ELOHIM ĕl’ ō hĭm
, many suggestions for the meaning of the root but no consensus, perhaps related to “El” meaning mighty
). A most commonly used Heb. word for God, gods, angels, or magistrates.
It has been demonstrated to the writer’s satisfaction that 14th cent. b.c. Ugaritic lit. when referring to a single deity sometimes uses the “plural of majesty” (cf. Anchor Bible, 16, pp. XXIV and 43 etc.). Since the pl. word Elohim when used for God in the OT is most emphatically sing. in meaning (Deut 4:35, 39; 1 Kings 8:60; 18:39; Isa 45:18, etc.), there is real probability that the Hebrews looked on it as a “plural of majesty.” Often but not always when referring to the true God, the definite article is employed with the word in Heb. This usage was an overtone of the root’s basic meaning, hence “the Mighty (?) One,” but this is not carried over into the Eng. Bible which has simply “God” with a capital letter.
The word is frequently used to refer to heathen gods (Exod 18:11; 20:23; 1 Sam 4:8; 2 Kings 18:33, etc.). Less frequently the word refers to a heathen god in the sing., Dagon (1 Sam 5:7), Chemosh (Judg 11:24), Baal (1 Kings 18:24) etc.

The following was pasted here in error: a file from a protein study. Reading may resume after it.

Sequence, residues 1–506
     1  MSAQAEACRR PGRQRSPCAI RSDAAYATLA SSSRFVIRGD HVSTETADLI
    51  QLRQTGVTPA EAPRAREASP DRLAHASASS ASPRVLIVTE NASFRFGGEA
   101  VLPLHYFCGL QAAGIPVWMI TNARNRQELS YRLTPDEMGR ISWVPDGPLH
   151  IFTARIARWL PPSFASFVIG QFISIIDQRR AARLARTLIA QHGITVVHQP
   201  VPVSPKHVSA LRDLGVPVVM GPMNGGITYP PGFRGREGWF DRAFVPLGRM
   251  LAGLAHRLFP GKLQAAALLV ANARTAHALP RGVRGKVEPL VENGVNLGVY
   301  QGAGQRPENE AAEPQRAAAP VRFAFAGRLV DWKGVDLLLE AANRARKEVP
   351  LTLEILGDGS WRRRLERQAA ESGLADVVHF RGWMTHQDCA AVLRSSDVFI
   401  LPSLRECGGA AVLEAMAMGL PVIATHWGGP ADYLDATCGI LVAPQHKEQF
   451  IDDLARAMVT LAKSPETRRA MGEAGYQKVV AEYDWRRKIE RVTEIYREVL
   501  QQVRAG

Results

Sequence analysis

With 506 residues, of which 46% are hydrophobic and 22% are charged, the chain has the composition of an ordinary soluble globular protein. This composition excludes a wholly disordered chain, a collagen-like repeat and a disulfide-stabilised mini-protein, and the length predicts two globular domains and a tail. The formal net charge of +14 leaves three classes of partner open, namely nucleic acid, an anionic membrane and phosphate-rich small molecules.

There are a number of references where the word can be rendered magistrates, judges, or rulers. Noteworthy are Exodus 21:6 where the slave is brought “to God” or perhaps “to the judges” where his ear is bored, and Exodus 22:28 which may mean “You shall not revile the magistrates (God?), nor curse the ruler of your people” (cf. 1 Kings 21:13). Other passages should be studied in this light (i.e. 1 Sam 2:25 and Judg 5:8).
It is quite clear that the sons of Elohim are the angels in Job 1:6; 2:1; 38:7. The writer takes them to be dignitaries in Genesis 6:2, 4. The NT follows the LXX in rendering Elohim as angels in Psalm 97:7 (Heb 1:6).
See Names of God.